This week, Primož and I flew to the south of Italy to hold a workshop on Image Analytics through Data Mining at AIUCD 2018 conference. The workshop was intended to familiarize digital humanities researchers with options that visual programming environments offer for image analysis.

In about 5 hours we discussed image embedding, clustering, finding closest neighbors and classification of images. While it is often a challenge to explain complex concepts in such a short time, it is much easier when working with Orange.

**Related:** Image Analytics: Clustering

One of the workflows we learned at the workshop was the one for finding the most similar image in a set of images. This is better explained with an example.

We had 15 paintings from different authors. Two of them were painted by Claude Monet, a famous French impressionist painter. Our task was, given a reference image of Monet, to find his other painting in a collection.

First, we loaded our data set with Import Images. Then we sent our images to Image Embedding. We selected Painters embedder since it was specifically trained to recognize authors of paintings.

Once we have described our paintings with vectors (embeddings), we can compare them by similarity. To find the second Monet in a data set, we will have to compute the similarity of paintings and find the one most similar one to our reference painting.

**Related:** Video on image clustering

Let us connect Image Embedding to Neighbors from Prototypes add-on. Neighbors widget is specifically intended to find a number of closest neighbors given a reference data point.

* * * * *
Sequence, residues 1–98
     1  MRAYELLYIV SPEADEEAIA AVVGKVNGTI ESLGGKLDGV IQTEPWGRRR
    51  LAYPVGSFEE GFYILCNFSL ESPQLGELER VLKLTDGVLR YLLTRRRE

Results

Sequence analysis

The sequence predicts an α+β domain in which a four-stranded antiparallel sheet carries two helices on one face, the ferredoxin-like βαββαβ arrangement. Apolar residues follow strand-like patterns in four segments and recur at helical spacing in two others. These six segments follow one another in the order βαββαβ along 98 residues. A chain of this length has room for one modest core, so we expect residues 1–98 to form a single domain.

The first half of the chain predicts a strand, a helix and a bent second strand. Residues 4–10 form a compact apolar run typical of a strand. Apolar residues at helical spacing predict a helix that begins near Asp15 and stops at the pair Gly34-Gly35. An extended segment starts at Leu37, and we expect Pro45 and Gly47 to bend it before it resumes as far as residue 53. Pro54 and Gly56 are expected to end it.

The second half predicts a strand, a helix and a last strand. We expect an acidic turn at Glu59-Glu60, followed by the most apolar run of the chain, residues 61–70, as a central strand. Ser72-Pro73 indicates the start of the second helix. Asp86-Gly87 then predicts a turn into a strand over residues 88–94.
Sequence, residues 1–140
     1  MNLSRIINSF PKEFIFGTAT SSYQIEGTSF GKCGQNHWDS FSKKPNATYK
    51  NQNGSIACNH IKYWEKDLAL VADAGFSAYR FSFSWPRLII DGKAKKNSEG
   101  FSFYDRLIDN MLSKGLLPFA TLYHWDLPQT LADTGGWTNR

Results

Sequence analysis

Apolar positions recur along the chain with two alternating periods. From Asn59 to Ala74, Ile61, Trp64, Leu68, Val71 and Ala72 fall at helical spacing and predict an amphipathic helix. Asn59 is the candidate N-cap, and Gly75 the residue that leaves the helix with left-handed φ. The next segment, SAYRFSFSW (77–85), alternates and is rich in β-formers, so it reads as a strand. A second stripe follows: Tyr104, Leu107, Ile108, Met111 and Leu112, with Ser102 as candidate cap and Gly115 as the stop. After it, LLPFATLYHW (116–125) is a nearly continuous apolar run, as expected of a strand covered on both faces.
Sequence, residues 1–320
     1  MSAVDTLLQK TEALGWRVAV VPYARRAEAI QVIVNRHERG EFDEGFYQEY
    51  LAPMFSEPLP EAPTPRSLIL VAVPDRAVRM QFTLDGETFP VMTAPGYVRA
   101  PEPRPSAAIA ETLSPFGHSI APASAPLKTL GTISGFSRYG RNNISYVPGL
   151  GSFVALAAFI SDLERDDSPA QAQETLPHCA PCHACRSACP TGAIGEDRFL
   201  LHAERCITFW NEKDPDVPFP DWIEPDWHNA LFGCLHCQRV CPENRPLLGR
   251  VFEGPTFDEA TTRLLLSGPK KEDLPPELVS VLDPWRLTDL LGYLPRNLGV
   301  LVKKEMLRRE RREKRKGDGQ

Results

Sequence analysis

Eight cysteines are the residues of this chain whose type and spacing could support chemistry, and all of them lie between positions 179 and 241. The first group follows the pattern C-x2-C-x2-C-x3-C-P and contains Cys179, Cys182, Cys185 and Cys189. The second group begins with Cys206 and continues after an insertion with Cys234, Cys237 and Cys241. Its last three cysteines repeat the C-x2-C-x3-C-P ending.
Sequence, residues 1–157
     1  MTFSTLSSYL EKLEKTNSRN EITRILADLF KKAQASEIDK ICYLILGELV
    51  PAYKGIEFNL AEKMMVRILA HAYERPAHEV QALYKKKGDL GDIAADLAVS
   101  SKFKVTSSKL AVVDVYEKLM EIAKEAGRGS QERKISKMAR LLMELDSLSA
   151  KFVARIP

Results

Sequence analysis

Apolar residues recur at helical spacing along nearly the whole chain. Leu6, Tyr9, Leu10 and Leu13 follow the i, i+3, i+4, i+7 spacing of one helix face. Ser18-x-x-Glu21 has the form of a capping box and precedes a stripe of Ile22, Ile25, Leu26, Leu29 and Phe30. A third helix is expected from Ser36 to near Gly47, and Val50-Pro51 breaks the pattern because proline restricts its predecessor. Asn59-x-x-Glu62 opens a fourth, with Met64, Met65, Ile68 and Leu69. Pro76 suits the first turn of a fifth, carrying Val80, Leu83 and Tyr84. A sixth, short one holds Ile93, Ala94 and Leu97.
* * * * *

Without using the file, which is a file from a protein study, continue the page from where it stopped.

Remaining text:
We will need to adjust the widget a bit. First, we will need cosine distance, since we will be comparing images by the content, not the magnitude of features. Next, we will tick off *Exclude reference*, in order to receive the reference image on the output. We do this just for visualization purposes. Finally, we set the number of neighbors to 2. Again, this is just for a nicer visualization, since we know there are only two Monet’s paintings in the data set.

Then we need to give Neighbors a reference image, for which we want to retrieve the neighbors. We do this by adding Data Table to Image Embedding, selecting one of Monet’s paintings in the spreadsheet and then connecting the Data Table to Neighbors. The widget will automatically consider the second input as a reference.

Now, all we need to do is to visualize the output. Connect Image Viewer to Neighbors and open it.

Voila! The widget has indeed found the second Monet’s painting. So useful when you have thousands of images in your archive!

I am missing classical test-statistics to analyze regressions and also a widget the generates descriptive statistics mean, std.dev, median, min, max which propagates the results to a table widget for export or further use.

Most of this is available in Box Plot. As for regression, I’m not sure what task you are looking at, but there are some options here as well.

Oh I see, you wish to export this in a Data Table… What would be the use case here?

I dont need to export that necessarily but to post the results like this in a text-formatted widget would be nice at least to add it to the report.

The result from the previous is like following:

Running script:

OLS Regression Results

==============================================================================